Following the Challenger Space Shuttle’s explosion in 1986, a Presidential Commission determined that overwork-induced fatigue among key personnel played a substantial role in causing the disaster. In the decades that followed, most professions with responsibility for public safety—from pilots to nuclear power plant operators—were subject to detailed government requirements mandating rest and forbidding excessive shift lengths. In the early aughts, momentum built to regulate residency work hours in a similar manner. In early 2003, Representative John Conyers of Michigan and then-Senator Jon Corzine of New Jersey introduced in Congress the Patient and Physician Safety and Protection Act, which would have imposed strict limits on resident work hours, delegated broad enforcement authority to the Department of Health and Human Services, and, critically, established a mechanism to provide additional funding to hospitals to make up for the cost of lost resident hours.

Just a few months later, in a successful bid to stave off this sort of federal oversight, the Accreditation Council for Graduate Medical Education (ACGME), the nonprofit licensing body that accredits medical residency programs, voluntarily introduced resident duty hour restrictions. Under the rules, which were expanded in 2011, residents are capped at a monthly average of 80 hospital hours each week, single shifts are limited to 16 hours for first-year residents (or “interns”) and to 28 hours for more experienced residents, and there must be an 8-hour break between shifts. Before the voluntary adoption of duty hour reforms, most residents in the United States were not subject to any meaningful limits on their work hours—36 and 48-hour shifts were routine, as were 100-120-hour workweeks. To most, it seemed self-evident that the new rules would reduce medical errors and save lives.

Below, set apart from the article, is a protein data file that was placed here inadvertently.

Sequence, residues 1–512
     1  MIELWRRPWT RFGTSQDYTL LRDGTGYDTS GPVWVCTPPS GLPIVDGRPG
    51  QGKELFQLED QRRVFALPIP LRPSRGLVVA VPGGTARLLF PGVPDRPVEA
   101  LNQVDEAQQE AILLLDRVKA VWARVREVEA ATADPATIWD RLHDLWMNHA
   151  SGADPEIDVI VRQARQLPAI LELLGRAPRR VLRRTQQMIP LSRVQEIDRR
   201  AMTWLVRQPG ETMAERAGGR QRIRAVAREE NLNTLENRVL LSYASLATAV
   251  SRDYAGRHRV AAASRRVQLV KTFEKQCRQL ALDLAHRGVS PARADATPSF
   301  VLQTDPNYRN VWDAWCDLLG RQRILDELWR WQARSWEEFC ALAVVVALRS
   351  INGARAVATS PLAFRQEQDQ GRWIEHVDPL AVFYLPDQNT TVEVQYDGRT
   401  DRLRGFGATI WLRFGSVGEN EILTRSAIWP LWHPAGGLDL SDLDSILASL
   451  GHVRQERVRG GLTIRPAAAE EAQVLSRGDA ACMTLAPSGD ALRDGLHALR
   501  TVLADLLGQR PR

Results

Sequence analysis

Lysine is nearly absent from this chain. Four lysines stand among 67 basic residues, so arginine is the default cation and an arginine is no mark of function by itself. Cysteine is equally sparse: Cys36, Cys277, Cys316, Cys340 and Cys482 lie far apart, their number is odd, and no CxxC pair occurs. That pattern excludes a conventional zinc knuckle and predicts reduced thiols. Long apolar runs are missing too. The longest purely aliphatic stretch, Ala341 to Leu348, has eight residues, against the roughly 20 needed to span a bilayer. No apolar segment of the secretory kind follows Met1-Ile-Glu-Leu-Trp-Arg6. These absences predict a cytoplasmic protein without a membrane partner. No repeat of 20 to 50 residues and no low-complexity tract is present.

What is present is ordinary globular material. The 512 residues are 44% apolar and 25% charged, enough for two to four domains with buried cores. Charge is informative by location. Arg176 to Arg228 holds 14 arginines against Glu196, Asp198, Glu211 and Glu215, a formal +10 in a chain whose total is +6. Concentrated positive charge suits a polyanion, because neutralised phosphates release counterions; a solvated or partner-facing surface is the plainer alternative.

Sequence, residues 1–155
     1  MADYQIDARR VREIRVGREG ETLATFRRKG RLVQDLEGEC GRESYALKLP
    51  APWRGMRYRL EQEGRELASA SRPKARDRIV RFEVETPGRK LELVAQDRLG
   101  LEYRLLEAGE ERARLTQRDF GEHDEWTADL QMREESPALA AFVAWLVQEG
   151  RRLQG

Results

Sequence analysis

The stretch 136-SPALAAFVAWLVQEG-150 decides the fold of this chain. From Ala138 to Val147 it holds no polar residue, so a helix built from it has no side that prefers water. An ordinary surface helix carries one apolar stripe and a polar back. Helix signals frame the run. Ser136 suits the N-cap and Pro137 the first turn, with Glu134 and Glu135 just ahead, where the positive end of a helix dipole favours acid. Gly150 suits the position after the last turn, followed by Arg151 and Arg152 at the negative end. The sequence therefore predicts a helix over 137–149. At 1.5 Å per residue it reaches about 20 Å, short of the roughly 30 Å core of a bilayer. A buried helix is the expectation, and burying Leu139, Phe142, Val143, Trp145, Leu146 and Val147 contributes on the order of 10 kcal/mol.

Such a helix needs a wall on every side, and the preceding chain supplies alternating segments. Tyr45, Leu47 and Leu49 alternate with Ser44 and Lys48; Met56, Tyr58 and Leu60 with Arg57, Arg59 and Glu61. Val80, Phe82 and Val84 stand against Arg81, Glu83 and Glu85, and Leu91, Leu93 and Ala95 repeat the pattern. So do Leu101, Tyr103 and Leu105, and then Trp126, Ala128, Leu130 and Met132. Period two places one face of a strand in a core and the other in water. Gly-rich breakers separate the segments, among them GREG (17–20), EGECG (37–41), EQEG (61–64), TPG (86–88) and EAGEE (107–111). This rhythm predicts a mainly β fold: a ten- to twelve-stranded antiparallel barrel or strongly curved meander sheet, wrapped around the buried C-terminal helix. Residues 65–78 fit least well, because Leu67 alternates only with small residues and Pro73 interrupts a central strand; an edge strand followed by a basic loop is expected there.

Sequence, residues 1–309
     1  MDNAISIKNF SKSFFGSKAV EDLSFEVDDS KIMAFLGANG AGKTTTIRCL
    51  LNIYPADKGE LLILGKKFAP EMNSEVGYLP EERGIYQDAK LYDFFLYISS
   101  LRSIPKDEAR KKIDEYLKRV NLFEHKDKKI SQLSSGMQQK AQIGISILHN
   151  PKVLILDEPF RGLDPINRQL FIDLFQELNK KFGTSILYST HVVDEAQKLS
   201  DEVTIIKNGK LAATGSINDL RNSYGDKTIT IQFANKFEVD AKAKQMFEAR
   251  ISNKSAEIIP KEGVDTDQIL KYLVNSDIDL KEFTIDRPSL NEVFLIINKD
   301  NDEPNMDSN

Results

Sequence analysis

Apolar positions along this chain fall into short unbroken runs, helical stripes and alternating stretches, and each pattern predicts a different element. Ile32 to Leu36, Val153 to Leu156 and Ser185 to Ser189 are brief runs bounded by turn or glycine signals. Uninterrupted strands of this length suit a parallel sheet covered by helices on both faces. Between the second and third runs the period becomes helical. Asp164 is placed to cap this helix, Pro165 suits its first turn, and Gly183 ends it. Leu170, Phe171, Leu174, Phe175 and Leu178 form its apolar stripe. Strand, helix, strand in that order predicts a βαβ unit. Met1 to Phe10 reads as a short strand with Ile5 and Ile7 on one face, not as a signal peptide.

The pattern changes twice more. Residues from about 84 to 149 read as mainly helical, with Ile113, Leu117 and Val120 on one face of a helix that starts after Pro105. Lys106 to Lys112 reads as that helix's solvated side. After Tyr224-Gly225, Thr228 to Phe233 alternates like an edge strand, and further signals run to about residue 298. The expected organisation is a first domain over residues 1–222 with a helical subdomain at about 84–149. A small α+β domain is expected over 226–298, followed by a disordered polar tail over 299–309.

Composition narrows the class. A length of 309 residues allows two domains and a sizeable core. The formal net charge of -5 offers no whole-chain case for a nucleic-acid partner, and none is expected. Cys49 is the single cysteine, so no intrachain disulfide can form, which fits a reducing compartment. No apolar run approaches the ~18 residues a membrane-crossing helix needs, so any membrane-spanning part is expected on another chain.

The data tell a different story. Study after study has concluded that duty hour reform has had little appreciable effect on patient outcomes. This prompted the ACGME to sponsor large-scale, national experiments that turned most of the nation’s teaching hospitals into laboratories for examining the effect of sleep deprivation on medical care. Last February, the New England Journal of Medicine published the results of the first round of this research, focusing on surgeons. For purposes of the study, the ACGME waived the most important duty hour restrictions for surgical residents, including on maximum shift length and minimum time off between shifts, for roughly half of accredited surgery residency programs across the country for one year. Consistent with earlier findings, researchers could identify no statistically significant differences in patient outcomes at programs with and without the restrictions.